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Monday, December 03, 2007

Dan Dare #1, Foolkiller #2 

Dan Dare #1:

So, Garth Ennis on Dan Dare: take one part his revival of Enemy Ace, a dash of War Stories, and top it off with a heavy seasoning from his Nick Fury mini-series and serve with a side of his fledgling sci-fi leanings (Judge Dredd, Midnighter, etc.) and eat with a room temperature glass of nostalgia. That’s what you’d think, or at least that’s what I anticipated. You know the story: legendary war horse, who thought himself done with all that nasty business, is dragged back into the line of fire for One Last Job because he’s the only hope for a human race sadly lacking in heroes. But Ennis doesn’t seem to be up to his usual tricks here. Indeed, he doesn’t seem to be up to any tricks at all. For a character who’s seen more revisions than geology text at Bob Jones University, this interpretation of Dan Dare is downright traditional.

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Foolkiller
#2:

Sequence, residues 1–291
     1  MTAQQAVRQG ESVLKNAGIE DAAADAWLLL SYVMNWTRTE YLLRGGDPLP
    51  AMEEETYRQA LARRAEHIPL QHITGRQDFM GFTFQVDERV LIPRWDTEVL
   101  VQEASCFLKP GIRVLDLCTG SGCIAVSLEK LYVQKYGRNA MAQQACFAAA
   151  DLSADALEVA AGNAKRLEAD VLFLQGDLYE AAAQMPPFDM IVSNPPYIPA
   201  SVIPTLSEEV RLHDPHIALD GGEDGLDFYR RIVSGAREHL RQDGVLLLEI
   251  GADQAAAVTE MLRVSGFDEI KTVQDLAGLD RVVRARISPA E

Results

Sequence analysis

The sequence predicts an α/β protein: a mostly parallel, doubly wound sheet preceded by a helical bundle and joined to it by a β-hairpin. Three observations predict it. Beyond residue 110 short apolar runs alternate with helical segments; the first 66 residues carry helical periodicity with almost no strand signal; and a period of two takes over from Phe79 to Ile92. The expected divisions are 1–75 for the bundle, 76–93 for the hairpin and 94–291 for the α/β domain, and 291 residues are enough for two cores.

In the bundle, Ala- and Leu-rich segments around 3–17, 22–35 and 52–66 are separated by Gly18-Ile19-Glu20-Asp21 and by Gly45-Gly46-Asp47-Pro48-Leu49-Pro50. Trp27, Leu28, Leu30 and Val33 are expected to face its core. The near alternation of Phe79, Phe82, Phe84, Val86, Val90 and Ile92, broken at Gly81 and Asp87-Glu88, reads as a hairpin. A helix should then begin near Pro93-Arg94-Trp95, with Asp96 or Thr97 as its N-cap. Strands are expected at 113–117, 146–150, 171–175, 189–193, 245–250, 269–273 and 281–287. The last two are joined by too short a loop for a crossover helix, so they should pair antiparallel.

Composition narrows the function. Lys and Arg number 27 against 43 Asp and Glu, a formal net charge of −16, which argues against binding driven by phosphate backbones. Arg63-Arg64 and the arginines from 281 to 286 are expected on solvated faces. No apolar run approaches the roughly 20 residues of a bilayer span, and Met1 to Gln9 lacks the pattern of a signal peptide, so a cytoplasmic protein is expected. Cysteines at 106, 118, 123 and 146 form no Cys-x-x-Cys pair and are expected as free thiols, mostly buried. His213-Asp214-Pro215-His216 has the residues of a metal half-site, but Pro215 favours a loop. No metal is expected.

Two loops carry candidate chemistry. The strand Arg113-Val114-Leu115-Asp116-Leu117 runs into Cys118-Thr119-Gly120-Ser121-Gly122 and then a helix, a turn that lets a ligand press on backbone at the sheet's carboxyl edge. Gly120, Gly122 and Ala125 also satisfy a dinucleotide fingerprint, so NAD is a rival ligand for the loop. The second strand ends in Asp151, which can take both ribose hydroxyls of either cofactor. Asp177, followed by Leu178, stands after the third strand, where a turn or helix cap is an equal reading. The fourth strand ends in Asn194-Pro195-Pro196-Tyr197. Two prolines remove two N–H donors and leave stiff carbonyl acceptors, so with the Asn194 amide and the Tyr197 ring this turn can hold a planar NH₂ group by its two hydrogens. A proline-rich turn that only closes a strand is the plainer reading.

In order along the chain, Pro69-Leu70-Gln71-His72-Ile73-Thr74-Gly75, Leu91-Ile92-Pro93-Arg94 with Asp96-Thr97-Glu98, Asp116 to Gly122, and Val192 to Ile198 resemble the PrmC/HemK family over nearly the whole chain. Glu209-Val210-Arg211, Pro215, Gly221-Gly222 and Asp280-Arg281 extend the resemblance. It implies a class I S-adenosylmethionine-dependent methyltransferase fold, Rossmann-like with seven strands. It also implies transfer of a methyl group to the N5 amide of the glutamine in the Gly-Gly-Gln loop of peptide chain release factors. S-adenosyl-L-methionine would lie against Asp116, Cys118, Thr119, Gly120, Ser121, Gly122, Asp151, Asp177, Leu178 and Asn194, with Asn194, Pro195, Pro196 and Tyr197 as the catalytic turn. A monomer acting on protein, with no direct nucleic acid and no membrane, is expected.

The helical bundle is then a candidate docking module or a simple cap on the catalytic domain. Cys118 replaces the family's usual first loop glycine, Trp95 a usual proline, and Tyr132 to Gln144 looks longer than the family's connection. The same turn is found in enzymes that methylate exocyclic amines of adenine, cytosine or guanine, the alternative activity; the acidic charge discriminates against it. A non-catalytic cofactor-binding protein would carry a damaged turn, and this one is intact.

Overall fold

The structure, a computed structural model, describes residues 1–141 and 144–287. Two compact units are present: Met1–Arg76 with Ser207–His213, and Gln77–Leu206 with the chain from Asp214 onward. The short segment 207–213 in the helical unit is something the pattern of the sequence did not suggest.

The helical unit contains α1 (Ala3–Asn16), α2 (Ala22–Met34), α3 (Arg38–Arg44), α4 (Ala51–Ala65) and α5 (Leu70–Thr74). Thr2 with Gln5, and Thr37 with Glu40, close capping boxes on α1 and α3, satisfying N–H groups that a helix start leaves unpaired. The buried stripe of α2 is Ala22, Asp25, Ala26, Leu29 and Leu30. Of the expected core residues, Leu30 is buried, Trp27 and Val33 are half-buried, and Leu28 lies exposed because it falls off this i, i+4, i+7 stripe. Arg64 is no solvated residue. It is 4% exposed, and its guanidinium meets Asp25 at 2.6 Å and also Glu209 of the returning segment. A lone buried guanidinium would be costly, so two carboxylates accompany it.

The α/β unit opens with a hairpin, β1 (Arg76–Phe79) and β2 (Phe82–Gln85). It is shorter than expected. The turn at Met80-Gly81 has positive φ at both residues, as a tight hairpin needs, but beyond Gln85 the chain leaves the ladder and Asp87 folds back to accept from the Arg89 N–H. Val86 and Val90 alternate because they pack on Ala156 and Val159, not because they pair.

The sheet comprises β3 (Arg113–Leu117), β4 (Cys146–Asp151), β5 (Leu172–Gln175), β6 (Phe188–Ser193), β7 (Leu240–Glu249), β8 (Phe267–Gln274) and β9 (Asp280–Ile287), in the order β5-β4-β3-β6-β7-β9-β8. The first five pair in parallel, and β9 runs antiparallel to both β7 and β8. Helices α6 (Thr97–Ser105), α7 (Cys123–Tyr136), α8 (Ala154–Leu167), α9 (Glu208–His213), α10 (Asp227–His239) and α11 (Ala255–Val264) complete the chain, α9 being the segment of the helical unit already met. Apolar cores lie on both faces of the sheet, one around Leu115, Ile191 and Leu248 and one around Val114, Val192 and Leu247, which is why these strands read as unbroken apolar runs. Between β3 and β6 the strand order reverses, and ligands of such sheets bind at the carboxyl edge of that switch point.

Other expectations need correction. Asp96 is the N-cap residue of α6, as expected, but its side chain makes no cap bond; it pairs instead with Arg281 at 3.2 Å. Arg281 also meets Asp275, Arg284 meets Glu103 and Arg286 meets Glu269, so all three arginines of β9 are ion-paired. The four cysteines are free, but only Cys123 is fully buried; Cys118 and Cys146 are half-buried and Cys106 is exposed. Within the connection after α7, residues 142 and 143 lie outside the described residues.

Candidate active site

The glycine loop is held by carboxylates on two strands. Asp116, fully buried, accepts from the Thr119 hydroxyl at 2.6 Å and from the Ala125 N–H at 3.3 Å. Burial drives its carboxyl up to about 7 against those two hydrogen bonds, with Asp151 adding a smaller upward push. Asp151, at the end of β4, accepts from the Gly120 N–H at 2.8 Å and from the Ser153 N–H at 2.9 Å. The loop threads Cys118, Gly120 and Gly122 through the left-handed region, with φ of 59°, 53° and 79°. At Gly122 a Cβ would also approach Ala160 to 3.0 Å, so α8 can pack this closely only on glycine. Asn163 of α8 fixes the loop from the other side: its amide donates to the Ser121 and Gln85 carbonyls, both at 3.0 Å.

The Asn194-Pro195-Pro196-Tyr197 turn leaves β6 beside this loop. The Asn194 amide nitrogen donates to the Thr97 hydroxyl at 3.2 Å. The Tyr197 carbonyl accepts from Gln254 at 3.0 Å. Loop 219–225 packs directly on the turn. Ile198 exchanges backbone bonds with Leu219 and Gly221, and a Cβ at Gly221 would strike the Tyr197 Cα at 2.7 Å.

The Foolkiller maxi-series, published from 1990 to 1991, was written by Steve Gerber. Gerber understood something about the American psyche’s need to see people punished for their wrong-doing. He understood the superficial attractiveness of caveman justice, the sort of moral finality that seems so scarce in everyday life. He also understood how dangerous that kind of path was; that it takes little more than a shove for an untouchable enforcer of personal taste to become a cultural fascist. Sure, he starts by taking out criminal trash; gone on too long, celebrated a bit too loudly by other morally simplistic pedagogues (say, talk show hosts), and the next thing you know this enforcer is killing the hypocritical or the merely annoying. More importantly, Gerber’s characters were all on the edge of something, maybe something disastrous, but they were still recognizable.

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